Adrian Amos, owns architectural salvage company LASSCO. The company’s headquarters, an 18th-century villa overlooking Vauxhall roundabout, was once the seat of the Duke of Brunswick but today it houses everything from salvaged crystal chandeliers and radiators to Victorian hooks and handles. It’s also next door to chef Jackson Boxer’s first venture, the Brunswick House Café, which Adrian designed.
‘At Brunswick House we played to all the original details. My philosophy is “If it looks Georgian, then by golly let’s do it up Georgian”. I hate those houses that have 18th-century fronts but as soon as you walk in suddenly it’s all modern and minimalist. That jack-in-the-box style is just unsettling. If you live in an early 19th-century classical townhouse in Kennington, you do it up with authentic items. If you live in a bland void of a box, then the world is your oyster.
‘The problem with young homemakers in London is that they are more likely to enthuse over a wooden crate or palette than a piece of well-made Victorian furniture. Maybe it’s because they aren’t well-versed in the history of decoration, or it simply doesn’t suit their aspirations, but I’m telling you, the smart money is on investing in decent brown furniture, such as a good sideboard for crockery, because it’s going to come back into fashion.
‘Use soft fabrics in unusual ways: in frames or hung on walls. Ham House is the best example of how to do this, but we can’t all afford a set of tapestries, so why not plump for a pretty quilt or rug from the North Country? It will improve the scale of the room and soften the acoustics to give it an intimate air. There’s something quite grand about them but a bit of ostentation in moderation is fine.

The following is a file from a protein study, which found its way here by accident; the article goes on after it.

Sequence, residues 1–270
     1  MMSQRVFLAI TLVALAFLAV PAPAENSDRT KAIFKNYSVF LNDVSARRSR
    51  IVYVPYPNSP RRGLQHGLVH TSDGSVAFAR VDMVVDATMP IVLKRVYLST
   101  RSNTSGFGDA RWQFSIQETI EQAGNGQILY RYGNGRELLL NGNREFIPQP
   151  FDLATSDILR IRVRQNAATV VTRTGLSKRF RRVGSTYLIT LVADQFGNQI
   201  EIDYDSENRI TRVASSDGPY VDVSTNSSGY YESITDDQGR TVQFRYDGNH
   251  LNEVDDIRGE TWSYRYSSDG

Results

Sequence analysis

‘Our signature style at Lassco will always be English shabby chic, even though it’s been chewed over many times in gastropubs. The winning formula is always a combination of strong brownwood furniture, symmetrical arrangement and red and gold accents. Never underestimate the power of a reflective surface or soft wax finish, either. Subconsciously it implies a room is clean and well-maintained.’
LITTLE BLACK BOOK
Bainbridge’s Auction Rooms has an atmosphere that’s on the point of comatose but you can buy pieces for pennies. (bainbridgesauctions.co.uk)
Thomas Carlyle’s house on Cheyne Row is a great lesson in how to transform a dark house into something inviting. The 17th-century staircase is lovely. (nationaltrust.org)
Bacon Street in Spitalfields has two kitchen junk shops, great for interesting paraphernalia, like enormous poaching pans for turbot.
At Christie’s, not everything goes for headline money so go if you can. It’s not every day you can run your hand inside a Chippendale sideboard. (christies.com)
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